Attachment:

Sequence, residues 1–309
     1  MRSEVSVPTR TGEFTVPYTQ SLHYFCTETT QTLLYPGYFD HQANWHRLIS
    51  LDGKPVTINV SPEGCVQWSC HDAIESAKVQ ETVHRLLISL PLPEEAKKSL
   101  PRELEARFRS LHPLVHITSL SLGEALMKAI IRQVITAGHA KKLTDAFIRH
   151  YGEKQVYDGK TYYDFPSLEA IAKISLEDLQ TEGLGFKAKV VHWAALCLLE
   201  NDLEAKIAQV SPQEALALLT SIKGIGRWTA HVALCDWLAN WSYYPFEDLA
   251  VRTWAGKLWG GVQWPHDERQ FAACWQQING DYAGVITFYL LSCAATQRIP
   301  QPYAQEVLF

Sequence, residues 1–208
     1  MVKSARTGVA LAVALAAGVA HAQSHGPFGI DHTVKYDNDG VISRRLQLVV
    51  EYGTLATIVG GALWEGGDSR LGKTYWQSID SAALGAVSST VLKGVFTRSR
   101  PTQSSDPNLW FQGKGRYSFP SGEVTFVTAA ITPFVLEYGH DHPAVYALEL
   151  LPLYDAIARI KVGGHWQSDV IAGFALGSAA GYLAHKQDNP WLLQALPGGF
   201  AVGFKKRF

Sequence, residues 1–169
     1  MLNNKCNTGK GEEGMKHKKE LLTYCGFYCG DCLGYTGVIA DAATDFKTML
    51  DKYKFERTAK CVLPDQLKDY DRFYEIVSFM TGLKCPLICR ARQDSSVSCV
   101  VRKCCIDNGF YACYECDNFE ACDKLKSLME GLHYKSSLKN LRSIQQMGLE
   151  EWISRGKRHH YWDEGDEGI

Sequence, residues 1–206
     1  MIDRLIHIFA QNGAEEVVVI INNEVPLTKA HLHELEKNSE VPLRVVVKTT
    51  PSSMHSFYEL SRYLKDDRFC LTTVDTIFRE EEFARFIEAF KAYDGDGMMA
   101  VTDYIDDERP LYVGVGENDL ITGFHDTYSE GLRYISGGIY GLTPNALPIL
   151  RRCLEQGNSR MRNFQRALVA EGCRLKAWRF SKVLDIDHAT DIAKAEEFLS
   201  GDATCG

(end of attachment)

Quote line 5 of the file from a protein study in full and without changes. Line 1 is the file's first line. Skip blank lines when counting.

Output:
   151  YGEKQVYDGK TYYDFPSLEA IAKISLEDLQ TEGLGFKAKV VHWAALCLLE